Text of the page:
City Hall is one of the most splendid buildings of Cork. The current structure, replaced the old City Hall, which was destroyed in ‘The burning of Cork’, in 1920. It was designed by Architects Jones and Kelly and built by Cork Company Sisks. The foundation stone was laid by Éamonn de Valera, President of the Executive Council of the State on 9th July, 1932. The first meeting of the Council was held on the 24th April, 1935 and the building was formerly opened by Éamonn de Valera on the 8th September, 1936.
The building is designed on classic lines to harmonise with the examples of eighteenth and nineteenth century architecture, fundamentally Georgian in character, that so richly endow Cork City.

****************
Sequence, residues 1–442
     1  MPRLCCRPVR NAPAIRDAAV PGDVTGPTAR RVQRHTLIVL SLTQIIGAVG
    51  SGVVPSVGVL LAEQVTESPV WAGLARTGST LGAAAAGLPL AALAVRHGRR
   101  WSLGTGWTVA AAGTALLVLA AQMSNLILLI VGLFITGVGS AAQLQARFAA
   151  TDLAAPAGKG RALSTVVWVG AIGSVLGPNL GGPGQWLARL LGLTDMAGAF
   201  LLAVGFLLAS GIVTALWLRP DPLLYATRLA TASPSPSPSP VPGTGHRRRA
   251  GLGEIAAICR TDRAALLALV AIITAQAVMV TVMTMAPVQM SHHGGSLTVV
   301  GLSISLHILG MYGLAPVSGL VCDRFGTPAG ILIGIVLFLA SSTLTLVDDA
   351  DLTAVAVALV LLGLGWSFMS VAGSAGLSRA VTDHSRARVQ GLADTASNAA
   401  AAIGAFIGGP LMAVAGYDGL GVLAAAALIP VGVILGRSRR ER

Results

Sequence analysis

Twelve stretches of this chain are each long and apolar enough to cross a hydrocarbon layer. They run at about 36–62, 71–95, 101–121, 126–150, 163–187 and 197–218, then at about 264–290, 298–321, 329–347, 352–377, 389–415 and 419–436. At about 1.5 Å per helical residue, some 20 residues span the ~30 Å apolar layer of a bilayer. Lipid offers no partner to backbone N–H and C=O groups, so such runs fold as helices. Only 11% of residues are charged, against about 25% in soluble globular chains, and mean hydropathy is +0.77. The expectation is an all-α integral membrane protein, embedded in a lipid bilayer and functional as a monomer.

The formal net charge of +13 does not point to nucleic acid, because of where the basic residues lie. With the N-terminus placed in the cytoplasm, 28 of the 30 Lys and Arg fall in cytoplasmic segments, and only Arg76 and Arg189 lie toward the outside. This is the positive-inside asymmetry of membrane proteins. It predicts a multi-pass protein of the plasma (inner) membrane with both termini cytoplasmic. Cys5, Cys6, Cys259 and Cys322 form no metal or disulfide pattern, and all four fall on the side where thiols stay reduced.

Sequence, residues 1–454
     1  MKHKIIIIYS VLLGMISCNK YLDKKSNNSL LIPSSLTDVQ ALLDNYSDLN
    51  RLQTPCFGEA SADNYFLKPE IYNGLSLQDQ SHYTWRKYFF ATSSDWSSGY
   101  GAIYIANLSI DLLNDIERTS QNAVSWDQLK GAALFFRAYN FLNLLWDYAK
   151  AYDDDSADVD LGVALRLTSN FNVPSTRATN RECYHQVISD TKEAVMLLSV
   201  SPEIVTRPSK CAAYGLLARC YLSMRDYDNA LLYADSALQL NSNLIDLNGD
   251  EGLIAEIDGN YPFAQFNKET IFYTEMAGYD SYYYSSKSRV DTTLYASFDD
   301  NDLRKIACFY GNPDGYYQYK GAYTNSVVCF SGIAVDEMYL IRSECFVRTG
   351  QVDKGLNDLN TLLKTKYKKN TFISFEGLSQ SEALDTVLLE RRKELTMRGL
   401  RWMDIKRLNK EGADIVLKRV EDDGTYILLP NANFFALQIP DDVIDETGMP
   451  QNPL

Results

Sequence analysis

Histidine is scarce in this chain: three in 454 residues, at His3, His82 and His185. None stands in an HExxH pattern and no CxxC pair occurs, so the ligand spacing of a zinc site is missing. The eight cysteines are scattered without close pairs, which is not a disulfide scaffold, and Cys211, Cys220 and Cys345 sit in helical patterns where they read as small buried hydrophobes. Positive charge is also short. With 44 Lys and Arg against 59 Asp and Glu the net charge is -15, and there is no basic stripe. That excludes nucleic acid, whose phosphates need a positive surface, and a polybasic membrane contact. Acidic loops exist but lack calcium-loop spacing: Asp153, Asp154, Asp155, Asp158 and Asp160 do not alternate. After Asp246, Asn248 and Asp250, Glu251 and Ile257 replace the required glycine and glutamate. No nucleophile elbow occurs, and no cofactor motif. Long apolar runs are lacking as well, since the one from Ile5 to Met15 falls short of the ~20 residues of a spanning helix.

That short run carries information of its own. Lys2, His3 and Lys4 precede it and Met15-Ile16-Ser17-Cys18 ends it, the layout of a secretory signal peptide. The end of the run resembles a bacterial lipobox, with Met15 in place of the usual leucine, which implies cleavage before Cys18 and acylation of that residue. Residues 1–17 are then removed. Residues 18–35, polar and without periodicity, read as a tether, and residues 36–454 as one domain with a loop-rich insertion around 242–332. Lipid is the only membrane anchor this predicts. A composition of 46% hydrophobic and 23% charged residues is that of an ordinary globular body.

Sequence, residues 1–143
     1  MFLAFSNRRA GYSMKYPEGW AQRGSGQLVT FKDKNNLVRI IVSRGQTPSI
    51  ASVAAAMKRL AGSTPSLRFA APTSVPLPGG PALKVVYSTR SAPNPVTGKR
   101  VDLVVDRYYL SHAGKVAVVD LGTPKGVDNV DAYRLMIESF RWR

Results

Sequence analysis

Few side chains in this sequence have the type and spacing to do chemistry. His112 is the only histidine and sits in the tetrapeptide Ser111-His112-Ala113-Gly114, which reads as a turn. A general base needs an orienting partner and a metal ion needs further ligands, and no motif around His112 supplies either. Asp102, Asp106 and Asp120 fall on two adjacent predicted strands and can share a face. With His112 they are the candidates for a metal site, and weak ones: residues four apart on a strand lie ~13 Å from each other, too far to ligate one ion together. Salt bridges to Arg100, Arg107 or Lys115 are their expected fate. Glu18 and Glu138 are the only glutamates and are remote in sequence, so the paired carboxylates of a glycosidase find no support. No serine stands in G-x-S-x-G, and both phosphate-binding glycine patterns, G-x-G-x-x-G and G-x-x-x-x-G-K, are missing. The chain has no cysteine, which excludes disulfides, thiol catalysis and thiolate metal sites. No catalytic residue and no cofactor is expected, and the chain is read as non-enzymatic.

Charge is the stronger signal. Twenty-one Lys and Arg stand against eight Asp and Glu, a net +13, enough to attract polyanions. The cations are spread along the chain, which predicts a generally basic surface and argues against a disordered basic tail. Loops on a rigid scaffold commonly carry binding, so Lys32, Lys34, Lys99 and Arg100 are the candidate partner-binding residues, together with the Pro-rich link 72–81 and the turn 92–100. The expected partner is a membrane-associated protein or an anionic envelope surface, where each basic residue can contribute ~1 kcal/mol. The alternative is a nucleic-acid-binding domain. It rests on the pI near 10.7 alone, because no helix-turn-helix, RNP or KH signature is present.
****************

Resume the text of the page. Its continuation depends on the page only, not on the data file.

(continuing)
The main entrance to the offices is from Anglesea St, through a marble paved vestibule to the main staircase hall. The City Hall contains works by Séamus Murphy, R.H.A., including busts of Lord Mayors Tomás MacCurtain and Terence MacSwiney, and a profile of the late US President John F. Kennedy erected over the main entrance door commemorating his visit to Cork in 1963.